In retrospect, that explained a great deal.

"Now, assuming Saren is still alive, which I don't really know anything about one way or another, what makes you so sure he'll care? He's a traitor, you said it yourself. What're a few more dead Hierarchy citizens on top of what he's already done?"

"Ohh, he'll come. He's gotta come." That shakiness was back in the soldier's voice again, tension and anger, which was exactly what Chen had been hoping for. "What kinda soldier just… runs away and hides while the guys he's fought and bled with die, huh? We don't do that, spikies don't do that, not even the fuckin four-eyes do that!" He was yelling outright, now, and that meant he wasn't paying attention to what was going on around him.

Weihong Chen rounded the corner, saw him with his back to her sizing up the fenced-in tool locker she'd guided him into, and emptied most of a full magazine into his back.

His shields finally hissed and flickered out, just in time for David Mosehni to step out from where he'd taken up position between two shelving units and unload two more rounds.

The soldier fired again, and Dave cursed and dropped back out of sight. Then Chen fired, one last round, and caught the soldier square in the neck.

He remained standing, for a good solid second -turian stims were serious business- and for the very first time Chen was able to get a proper look at him. He was tall, and on the thin side, with dark skin and unkempt dark hair and a scraggly little beard, probably North African if the detective had to pick a specific terrestrial origin. All of the equipment on his tactical vest looked decidedly mil-spec, and most of it looked like it was held together with little more than duct tape and omnigel and no small amount of ground-in dirt; the grimy little nametag on his right breast included only a lone square signifying a sergeant's rank and the name MARIAM. He seemed to be about to say something, despite the bloody mess where his windpipe should've been, but then he collapsed backwards against the back wall of the tool locker and lay still. More than anything, Chen thought he looked surprised, that after coming out on top against Iffies and Hegemony Internal Forces and geth combat drones and God only knew what all else, he'd finally met his match in a retired ordinance tech with a bad suit and a handgun.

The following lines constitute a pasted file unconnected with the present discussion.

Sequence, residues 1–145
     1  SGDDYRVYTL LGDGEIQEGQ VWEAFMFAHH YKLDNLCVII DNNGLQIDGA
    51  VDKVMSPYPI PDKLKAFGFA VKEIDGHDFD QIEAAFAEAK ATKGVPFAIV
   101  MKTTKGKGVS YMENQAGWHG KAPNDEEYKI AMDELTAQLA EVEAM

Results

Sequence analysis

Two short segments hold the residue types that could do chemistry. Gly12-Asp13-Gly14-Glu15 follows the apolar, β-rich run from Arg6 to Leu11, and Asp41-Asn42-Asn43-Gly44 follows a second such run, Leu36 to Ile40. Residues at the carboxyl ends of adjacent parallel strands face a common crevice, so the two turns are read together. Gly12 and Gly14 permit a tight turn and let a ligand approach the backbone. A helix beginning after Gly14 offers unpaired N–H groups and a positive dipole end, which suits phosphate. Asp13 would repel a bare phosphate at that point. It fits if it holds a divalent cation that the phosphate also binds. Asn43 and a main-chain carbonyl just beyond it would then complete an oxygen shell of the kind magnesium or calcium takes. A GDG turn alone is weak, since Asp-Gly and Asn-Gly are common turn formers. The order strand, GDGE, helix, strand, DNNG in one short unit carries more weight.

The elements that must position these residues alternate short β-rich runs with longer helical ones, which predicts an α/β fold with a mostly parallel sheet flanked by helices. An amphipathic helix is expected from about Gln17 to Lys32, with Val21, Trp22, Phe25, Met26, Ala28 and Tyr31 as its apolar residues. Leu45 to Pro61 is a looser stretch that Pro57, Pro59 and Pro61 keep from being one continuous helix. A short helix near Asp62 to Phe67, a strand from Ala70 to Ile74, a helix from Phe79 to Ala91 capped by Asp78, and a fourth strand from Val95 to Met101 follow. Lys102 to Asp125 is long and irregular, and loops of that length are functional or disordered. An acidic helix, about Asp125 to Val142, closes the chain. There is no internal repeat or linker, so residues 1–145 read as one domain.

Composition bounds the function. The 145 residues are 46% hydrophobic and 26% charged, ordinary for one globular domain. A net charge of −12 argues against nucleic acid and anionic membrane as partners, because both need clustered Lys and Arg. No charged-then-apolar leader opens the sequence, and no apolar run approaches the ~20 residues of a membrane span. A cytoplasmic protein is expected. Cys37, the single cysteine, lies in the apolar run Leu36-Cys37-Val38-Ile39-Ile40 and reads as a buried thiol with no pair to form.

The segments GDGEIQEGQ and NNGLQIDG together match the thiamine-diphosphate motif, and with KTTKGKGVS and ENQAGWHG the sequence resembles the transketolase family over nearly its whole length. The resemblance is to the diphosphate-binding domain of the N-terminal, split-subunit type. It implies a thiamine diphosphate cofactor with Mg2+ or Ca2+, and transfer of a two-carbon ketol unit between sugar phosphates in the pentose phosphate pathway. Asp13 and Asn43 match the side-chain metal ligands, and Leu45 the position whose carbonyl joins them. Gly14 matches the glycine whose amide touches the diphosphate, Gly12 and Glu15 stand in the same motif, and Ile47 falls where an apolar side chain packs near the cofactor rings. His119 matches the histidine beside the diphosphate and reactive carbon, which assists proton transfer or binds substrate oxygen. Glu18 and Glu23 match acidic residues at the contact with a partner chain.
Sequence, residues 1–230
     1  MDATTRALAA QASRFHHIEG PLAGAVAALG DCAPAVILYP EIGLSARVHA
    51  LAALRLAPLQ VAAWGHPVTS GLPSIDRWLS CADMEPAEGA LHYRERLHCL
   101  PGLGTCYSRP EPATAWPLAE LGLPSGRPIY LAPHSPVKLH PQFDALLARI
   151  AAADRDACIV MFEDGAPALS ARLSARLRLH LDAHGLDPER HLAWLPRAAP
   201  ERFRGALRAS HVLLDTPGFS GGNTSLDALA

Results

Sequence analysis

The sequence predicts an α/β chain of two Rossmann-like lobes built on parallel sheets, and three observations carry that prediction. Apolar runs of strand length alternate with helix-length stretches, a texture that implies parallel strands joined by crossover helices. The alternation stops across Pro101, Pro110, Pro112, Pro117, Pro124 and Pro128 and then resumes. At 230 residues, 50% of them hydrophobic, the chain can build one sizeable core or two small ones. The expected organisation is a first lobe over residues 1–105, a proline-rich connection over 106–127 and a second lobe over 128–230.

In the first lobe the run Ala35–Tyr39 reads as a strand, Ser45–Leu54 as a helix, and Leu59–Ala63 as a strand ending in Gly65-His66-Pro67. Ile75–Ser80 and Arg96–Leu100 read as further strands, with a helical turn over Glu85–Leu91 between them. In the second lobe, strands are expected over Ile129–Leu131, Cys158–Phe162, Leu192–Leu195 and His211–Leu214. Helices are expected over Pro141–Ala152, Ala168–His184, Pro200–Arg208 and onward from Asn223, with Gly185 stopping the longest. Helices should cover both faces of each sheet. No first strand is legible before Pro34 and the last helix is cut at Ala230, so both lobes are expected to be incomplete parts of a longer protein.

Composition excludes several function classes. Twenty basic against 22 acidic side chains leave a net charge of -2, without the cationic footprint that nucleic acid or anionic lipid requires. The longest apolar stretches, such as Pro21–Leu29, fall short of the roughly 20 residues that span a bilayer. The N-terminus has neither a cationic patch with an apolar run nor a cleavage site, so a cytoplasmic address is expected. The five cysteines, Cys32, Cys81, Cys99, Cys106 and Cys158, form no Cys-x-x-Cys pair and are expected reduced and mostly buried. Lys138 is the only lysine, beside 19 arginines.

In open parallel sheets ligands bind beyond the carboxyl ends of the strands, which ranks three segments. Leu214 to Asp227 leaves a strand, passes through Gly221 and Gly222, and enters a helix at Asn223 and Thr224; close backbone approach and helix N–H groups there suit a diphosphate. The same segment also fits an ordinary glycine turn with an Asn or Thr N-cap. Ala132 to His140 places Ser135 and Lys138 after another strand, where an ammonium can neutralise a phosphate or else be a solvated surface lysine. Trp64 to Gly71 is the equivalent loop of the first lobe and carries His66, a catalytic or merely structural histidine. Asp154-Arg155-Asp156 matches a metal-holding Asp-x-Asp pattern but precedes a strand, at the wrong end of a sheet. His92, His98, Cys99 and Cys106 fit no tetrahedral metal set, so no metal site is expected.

After that, she dashed over to where she'd seen Dave fall. He was trying to prop himself up by the time she got there, grimacing, with one hand pressed against a bright red stain centered just above his ribs.

"Mosehni! You OK?" she asked, already selecting her omnitool's first-aid package and then realizing a bit too late that it likely wouldn't dispense medigel without the ability to take scans.

"Yeah, I… actually, I think I am. He… the guy just grazed me…" He stuck out his hand, and Chen grabbed ahold and tried to pull him back upright, and as soon as she did the junior detective yelped and went right back to lying on the concrete. "Ok, maybe more than grazed me, but the point is I'm not having any trouble breathing, and… I don't think this is enough blood for, like, a major artery or anything." He laughed, with some difficulty, and winced again. "God dammit… Celanix really liked this suit…"

Reluctantly, Chen concluded that he was probably right, and turned back to the deceased Sergeant MARIAM. She quickly identified what looked to be a power pack, and some gadget in a bandoleer on his right shoulder that seemed to possess more than its fair share of antennas, and yanked on the wires connecting the two.